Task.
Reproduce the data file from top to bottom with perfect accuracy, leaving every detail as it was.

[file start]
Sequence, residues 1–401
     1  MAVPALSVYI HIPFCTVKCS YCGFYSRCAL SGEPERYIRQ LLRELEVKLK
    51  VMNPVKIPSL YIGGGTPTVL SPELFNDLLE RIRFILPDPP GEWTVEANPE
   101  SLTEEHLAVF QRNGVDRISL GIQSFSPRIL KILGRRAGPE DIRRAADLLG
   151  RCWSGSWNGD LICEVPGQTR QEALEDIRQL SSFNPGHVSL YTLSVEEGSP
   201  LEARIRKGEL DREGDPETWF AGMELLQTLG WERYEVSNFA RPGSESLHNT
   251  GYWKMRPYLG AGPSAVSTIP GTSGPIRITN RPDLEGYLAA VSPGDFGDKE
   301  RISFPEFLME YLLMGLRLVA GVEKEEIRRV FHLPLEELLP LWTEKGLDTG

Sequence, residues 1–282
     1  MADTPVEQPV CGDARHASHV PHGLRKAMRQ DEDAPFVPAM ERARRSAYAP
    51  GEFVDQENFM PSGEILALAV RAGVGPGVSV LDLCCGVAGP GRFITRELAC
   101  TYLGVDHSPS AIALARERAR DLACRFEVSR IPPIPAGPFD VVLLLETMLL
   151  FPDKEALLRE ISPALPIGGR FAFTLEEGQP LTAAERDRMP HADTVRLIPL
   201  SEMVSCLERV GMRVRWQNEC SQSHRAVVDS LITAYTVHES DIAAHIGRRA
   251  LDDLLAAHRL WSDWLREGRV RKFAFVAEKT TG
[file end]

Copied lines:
Sequence, residues 1–401
     1  MAVPALSVYI HIPFCTVKCS YCGFYSRCAL SGEPERYIRQ LLRELEVKLK
    51  VMNPVKIPSL YIGGGTPTVL SPELFNDLLE RIRFILPDPP GEWTVEANPE
   101  SLTEEHLAVF QRNGVDRISL GIQSFSPRIL KILGRRAGPE DIRRAADLLG
   151  RCWSGSWNGD LICEVPGQTR QEALEDIRQL SSFNPGHVSL YTLSVEEGSP
   201  LEARIRKGEL DREGDPETWF AGMELLQTLG WERYEVSNFA RPGSESLHNT
   251  GYWKMRPYLG AGPSAVSTIP GTSGPIRITN RPDLEGYLAA VSPGDFGDKE
   301  RISFPEFLME YLLMGLRLVA GVEKEEIRRV FHLPLEELLP LWTEKGLDTG

Sequence, residues 1–282
     1  MADTPVEQPV CGDARHASHV PHGLRKAMRQ DEDAPFVPAM ERARRSAYAP
    51  GEFVDQENFM PSGEILALAV RAGVGPGVSV LDLCCGVAGP GRFITRELAC
   101  TYLGVDHSPS AIALARERAR DLACRFEVSR IPPIPAGPFD VVLLLETMLL
   151  FPDKEALLRE ISPALPIGGR FAFTLEEGQP LTAAERDRMP HADTVRLIPL
   201  SEMVSCLERV GMRVRWQNEC SQSHRAVVDS LITAYTVHES DIAAHIGRRA
   251  LDDLLAAHRL WSDWLREGRV RKFAFVAEKT TG